Open and closed safari vehicles

Sometimes you go on safari and you’re in an open sided vehicle. Sometimes you’re in a closed vehicle, why?

If you go on a safari where you are flying between different national parks and staying at individual camps for a number of nights, chances are you will be doing your game drives in an open vehicle. If you are on a safari where you are driving between camps and lodges, in and out of national parks, you will be using a closed vehicle.  

There are a number of reasons why closed vehicles are better for driving long distances. Open vehicles are often not allowed on public roads outside national parks and game reserves. Moreover, closed vehicles are more comfortable for this sort of journey. You are sheltered from the elements, the wind, the dust and the rain. It feels more secure at speed and you can have a conversation with the person next to you or put on some sun screen without it going all over the person behind you. We can put all your luggage in the back without it bouncing out on the way. In Tanzania, this is often how you get around the northern circuit of parks, between Arusha, Tarangire, Lake Manyara, the Ngorongoro Crater and the Serengeti. The distances in-between are relatively small and the scenery is spectacular, well worth the driving. We recommend flying on the way back to save time. In southern Tanzania, the Selous (Nyerere national park), Ruaha and Katavi, you are more likely to be based at a camp and do your game drives in the surrounding area, using an open vehicle.

It’s often said that open safari vehicles are the best for game viewing. You don’t have any  obstructions between you and the amazing wildlife and spectacular landscapes you have come to see. This does add an extra level of excitement and feeling of closeness with the wilderness all around you. There’s nothing quite like being eyeballed by a lion while he swaggers past just feet away with nothing at all between you and him. The degree of security a closed vehicle offers is absent. It’s not uncommon to see previously unfazed guests jumping into the laps of their now well acquainted fellow guests on the other side of the vehicle.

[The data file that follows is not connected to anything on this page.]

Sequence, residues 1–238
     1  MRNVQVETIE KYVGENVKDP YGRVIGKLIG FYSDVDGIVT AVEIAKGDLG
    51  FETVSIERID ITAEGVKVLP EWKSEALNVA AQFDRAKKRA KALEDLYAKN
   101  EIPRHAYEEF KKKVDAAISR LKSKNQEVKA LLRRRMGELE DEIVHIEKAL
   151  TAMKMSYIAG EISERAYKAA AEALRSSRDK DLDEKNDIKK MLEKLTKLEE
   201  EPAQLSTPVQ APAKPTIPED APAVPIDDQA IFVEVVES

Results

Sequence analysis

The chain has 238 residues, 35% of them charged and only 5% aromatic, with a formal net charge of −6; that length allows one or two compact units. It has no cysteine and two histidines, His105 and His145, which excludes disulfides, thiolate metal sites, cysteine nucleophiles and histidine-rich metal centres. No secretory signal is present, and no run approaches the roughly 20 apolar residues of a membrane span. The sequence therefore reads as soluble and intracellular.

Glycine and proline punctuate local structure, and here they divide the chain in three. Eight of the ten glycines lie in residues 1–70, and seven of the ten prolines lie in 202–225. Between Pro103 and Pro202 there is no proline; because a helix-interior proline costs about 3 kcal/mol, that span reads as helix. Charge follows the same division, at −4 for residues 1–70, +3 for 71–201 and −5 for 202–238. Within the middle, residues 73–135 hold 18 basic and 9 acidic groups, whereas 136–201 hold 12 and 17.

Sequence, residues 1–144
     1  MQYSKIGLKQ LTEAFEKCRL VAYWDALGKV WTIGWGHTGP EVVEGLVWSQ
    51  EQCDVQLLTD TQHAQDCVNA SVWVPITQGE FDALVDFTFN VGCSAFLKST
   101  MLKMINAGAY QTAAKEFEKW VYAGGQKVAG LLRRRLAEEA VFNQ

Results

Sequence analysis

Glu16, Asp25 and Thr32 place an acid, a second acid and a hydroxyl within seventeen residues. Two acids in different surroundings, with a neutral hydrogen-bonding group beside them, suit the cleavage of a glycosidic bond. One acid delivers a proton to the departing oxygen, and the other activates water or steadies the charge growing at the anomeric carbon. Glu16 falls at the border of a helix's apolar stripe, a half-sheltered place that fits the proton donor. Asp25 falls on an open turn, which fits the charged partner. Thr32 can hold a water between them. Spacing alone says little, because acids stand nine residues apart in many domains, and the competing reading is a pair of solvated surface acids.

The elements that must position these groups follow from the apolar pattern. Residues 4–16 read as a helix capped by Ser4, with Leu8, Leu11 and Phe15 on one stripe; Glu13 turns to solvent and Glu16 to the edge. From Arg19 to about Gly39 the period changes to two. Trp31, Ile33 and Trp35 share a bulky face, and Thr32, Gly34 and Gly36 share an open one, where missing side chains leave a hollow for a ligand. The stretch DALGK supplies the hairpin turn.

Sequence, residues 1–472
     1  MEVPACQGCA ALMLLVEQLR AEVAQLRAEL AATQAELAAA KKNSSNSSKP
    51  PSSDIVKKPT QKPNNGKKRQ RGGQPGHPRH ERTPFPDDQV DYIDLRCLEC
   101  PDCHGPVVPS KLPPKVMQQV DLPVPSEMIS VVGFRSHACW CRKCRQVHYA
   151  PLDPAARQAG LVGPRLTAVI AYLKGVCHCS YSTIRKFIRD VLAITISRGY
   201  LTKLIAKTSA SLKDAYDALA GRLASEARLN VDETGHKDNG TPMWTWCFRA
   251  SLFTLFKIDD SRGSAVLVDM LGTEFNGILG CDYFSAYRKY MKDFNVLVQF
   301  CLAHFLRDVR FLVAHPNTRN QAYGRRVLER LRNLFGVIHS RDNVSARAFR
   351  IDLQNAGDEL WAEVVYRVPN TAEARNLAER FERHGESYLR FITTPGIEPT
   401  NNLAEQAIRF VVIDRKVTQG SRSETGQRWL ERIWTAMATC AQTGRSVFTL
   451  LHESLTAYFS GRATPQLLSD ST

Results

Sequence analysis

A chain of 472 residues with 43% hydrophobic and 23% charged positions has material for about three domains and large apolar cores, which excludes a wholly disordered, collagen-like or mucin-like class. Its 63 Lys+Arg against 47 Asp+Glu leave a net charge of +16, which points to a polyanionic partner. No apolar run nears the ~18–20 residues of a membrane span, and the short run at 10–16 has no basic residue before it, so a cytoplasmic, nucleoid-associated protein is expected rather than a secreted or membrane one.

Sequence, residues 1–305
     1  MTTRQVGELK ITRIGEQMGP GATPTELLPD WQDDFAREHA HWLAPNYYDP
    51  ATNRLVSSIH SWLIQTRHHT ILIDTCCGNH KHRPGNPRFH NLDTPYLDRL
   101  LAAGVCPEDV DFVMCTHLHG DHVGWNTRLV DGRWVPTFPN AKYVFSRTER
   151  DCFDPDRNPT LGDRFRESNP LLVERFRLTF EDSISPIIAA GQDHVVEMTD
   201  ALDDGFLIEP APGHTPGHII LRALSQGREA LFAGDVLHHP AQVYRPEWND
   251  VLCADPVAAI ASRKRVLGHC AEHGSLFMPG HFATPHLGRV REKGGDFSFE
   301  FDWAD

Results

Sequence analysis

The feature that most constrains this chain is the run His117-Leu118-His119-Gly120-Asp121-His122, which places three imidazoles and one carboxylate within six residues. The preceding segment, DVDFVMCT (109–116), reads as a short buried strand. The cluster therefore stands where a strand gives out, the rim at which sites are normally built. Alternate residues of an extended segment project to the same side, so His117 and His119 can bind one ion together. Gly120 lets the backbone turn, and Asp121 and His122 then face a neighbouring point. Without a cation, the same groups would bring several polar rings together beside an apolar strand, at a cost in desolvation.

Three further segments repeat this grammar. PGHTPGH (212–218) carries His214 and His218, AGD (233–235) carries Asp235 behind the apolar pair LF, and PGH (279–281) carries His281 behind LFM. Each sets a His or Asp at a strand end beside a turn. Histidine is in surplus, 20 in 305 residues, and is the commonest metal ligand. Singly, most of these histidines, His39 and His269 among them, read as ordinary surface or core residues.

Open vehicles are generally better for photography. It’s easier to manoeuvre in your seat, swing your huge lens around and retrieve a spare battery from your bag. It’s also much easier to eject lens caps, memory cards, phones, passports, gin and tonics and so on. Low angles are more achievable. That said there are now closed vehicles out there that have some very clever adaptions to achieve the same effects as open vehicles. Extra large windows, pop roofs, and my favourite - roll down windows - the best of both worlds. 

In the Serengeti you can now find some specially adapted photographic safari vehicles. These are like a more luxury version of the cut in half century old land rovers you see wildlife filmmakers using. 360 degree swivel seats, no doors for lying down almost at ground level, exciting things like that. So, depending on what you’re looking for, it pays to know about what sort of vehicle you will be using on your safari and for how long you are likely to be in it. It goes without saying that poor quality and poorly maintained vehicles can potentially ruin a safari. 

If you want complete flexibility, you must consider a private vehicle, where you don’t share with any other guests from camp. We use these on our privately guided safaris for groups and photographers. Come and go as you please, make your own schedule with your guide, and no compromising with other guests. 


Related Articles